PETALING JAYA: Malaysian students are below par when compared with their contemporaries in other countries, acknowledged Education Minister II Datuk Seri Idris Jusoh.
Although literacy rates were rising in Malaysia, it was vital to assess and compare the Malaysian education system against international standards, he added.
“Out of 74 countries, Malaysia ranked in the bottom third in the Programme for International Student Assessment (Pisa) 2009+. This is below the international and OECD (Organisation for Economic Co-operation and Development) average,” he said during the 18th Malaysian Education Summit yesterday.
“Primary and secondary school education standards need to improve, particularly so in bridging the gap between urban and rural areas. Though Malaysia has achieved commendable results in terms of providing access, we have to now ensure that access comes together with quality education of international standards.”
Meanwhile, at the higher education level, he said that the challenge was producing knowledgeable, competent and globally competitive human capital.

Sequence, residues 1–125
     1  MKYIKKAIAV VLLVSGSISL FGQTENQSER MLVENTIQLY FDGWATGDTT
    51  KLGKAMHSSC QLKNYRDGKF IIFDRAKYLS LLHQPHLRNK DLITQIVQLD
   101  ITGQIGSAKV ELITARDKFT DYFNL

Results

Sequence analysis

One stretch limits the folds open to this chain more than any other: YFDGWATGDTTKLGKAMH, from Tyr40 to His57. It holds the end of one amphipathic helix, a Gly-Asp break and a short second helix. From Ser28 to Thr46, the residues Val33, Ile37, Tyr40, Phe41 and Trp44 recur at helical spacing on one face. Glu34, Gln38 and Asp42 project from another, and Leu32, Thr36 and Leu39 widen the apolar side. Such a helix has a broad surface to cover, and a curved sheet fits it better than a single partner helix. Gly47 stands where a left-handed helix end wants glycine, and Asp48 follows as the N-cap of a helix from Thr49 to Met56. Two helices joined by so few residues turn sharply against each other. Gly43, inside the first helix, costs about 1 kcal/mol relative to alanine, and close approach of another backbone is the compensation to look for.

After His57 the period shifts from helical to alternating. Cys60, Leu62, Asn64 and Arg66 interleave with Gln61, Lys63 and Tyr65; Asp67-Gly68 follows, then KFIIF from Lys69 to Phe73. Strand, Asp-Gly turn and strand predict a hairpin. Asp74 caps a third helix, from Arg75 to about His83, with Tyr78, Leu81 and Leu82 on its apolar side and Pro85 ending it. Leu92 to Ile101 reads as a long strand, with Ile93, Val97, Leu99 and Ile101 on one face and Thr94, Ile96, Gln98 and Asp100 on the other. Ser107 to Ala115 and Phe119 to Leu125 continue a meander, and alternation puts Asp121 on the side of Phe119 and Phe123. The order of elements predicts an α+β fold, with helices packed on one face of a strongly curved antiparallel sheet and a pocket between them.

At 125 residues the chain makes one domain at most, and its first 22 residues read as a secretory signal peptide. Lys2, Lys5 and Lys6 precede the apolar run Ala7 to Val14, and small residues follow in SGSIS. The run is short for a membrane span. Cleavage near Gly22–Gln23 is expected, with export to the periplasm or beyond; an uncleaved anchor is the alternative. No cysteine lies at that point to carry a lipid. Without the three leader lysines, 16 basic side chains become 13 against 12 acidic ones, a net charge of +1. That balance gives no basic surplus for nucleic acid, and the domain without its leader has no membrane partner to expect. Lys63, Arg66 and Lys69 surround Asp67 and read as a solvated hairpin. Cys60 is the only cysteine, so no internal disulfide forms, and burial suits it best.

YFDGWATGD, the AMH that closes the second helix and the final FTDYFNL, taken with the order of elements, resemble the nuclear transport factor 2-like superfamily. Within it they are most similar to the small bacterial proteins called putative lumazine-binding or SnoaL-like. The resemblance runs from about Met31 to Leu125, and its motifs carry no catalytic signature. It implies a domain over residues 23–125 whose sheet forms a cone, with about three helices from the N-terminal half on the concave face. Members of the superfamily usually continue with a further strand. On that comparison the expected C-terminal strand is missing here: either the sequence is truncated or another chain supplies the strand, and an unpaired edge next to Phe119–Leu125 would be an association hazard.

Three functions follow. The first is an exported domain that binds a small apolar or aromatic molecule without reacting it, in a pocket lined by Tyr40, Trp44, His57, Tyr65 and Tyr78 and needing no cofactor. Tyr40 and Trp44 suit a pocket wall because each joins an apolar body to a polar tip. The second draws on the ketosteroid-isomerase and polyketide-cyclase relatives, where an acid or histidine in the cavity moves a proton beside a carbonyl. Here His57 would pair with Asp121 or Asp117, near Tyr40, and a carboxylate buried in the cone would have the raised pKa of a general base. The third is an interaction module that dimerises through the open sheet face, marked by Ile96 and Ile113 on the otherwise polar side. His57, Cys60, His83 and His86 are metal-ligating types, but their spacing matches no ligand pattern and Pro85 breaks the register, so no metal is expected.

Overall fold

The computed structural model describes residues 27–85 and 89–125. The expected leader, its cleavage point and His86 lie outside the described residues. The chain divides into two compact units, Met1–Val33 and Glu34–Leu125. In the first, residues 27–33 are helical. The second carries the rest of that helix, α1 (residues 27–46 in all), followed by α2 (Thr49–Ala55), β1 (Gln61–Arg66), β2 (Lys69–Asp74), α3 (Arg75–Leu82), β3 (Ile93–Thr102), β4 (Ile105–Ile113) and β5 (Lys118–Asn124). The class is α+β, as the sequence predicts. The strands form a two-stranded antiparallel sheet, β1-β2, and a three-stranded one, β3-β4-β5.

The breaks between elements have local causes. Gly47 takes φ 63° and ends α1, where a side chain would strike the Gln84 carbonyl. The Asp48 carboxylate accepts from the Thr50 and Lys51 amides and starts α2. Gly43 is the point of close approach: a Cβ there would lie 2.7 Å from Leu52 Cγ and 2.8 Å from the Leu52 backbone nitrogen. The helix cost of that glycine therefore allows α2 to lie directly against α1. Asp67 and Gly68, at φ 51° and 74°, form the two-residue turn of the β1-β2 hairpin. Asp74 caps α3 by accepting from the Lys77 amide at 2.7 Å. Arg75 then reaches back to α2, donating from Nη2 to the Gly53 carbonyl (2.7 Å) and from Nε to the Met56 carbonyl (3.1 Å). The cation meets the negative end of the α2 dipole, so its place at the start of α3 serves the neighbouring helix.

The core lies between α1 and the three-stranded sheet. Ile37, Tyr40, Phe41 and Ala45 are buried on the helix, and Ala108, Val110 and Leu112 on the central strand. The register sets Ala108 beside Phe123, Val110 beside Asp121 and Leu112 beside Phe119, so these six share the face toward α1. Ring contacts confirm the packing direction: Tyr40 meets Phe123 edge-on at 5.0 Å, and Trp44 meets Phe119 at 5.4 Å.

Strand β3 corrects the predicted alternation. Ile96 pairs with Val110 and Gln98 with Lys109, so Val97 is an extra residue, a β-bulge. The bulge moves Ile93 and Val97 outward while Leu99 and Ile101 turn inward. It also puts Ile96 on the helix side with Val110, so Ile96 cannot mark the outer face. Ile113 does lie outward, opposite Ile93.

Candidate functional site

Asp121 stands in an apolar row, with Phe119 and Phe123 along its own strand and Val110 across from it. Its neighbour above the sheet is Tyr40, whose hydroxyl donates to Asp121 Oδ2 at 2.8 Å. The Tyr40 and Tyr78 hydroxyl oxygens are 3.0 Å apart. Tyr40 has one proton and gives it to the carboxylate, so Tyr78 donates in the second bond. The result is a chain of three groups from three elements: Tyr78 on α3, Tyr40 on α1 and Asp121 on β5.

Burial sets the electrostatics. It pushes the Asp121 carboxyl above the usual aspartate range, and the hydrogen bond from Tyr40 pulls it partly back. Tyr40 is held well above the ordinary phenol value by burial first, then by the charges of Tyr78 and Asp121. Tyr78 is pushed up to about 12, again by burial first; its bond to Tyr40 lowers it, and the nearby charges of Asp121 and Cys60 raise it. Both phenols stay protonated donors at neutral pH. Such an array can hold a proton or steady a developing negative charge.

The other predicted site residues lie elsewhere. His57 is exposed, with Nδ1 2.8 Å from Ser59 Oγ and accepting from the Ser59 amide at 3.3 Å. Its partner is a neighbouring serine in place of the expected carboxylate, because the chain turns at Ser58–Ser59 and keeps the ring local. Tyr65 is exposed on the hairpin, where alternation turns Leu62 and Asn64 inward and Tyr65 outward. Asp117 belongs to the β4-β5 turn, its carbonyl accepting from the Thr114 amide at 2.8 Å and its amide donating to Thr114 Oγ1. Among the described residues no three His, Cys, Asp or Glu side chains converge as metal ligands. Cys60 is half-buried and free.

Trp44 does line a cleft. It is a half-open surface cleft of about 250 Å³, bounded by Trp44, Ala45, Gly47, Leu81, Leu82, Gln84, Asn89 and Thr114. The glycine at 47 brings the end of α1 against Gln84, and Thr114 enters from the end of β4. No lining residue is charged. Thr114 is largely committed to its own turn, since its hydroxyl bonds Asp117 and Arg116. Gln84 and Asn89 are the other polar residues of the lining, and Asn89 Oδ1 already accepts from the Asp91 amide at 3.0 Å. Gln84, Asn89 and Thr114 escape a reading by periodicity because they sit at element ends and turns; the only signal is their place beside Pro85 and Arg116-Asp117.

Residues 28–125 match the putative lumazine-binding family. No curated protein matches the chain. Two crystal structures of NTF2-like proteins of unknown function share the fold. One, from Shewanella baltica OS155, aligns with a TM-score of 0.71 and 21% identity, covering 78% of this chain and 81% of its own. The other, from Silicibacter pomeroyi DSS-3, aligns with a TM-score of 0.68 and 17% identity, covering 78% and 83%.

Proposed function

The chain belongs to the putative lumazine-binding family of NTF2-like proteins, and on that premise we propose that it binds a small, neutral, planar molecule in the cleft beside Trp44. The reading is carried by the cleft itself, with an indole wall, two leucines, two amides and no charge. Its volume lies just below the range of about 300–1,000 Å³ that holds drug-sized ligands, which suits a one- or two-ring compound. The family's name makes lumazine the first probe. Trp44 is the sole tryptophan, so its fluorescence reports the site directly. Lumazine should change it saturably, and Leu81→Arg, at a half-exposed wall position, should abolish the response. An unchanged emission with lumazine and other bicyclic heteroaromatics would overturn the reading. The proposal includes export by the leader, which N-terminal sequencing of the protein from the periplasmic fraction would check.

“Employers in Malaysia face a major problem when it comes to having fresh graduates fill out vacancies,” he said, citing poor command of English as one of the reasons.
The solution to this is the Malaysia Education Blueprint (MEB) 2012-2025, which was launched last September, as well as the soon-to-be-released National Education Blueprint for Higher Education 2015-2025 (Higher Education Blueprint).
Idris said the MEB offered a vision of the education system and students’ aspirations that Malaysia both needed and deserved and outlined 11 strategic and operation shifts that would be required to achieve that vision.
“The need for the Education Blueprint is justified in the context of raising international standards; the government aspiration of better preparing Malaysian children for the needs of the 21st century; and increased public and parental expectations of education policy,” he said.
“We have had international experts from the World Bank, Unesco, and OECD to work with our national partners to evaluate the performance of our national education system in the development process of the Education Blueprint. Overall, more than 55,000 stakeholders were consulted in its formulation.”
“The Higher Education Blueprint will also be introduced in order to ensure consistency with the primary and secondary education system, and allow for seamless progression in terms of educational offerings, opportunities and advancement,” he added.
The Higher Education Blueprint will address challenges such as empowering university governance, democratising access to higher education and improving graduate employability.
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